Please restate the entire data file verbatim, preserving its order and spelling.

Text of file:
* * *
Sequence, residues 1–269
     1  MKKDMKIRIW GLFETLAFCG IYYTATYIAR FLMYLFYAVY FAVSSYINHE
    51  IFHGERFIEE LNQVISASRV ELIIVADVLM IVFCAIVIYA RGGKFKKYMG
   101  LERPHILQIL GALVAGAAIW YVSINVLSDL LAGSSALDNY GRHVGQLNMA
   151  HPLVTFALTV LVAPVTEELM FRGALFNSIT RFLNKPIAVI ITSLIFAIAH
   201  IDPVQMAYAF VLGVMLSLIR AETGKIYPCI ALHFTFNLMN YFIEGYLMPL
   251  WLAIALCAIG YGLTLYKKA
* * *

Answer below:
Sequence, residues 1–269
     1  MKKDMKIRIW GLFETLAFCG IYYTATYIAR FLMYLFYAVY FAVSSYINHE
    51  IFHGERFIEE LNQVISASRV ELIIVADVLM IVFCAIVIYA RGGKFKKYMG
   101  LERPHILQIL GALVAGAAIW YVSINVLSDL LAGSSALDNY GRHVGQLNMA
   151  HPLVTFALTV LVAPVTEELM FRGALFNSIT RFLNKPIAVI ITSLIFAIAH
   201  IDPVQMAYAF VLGVMLSLIR AETGKIYPCI ALHFTFNLMN YFIEGYLMPL
   251  WLAIALCAIG YGLTLYKKA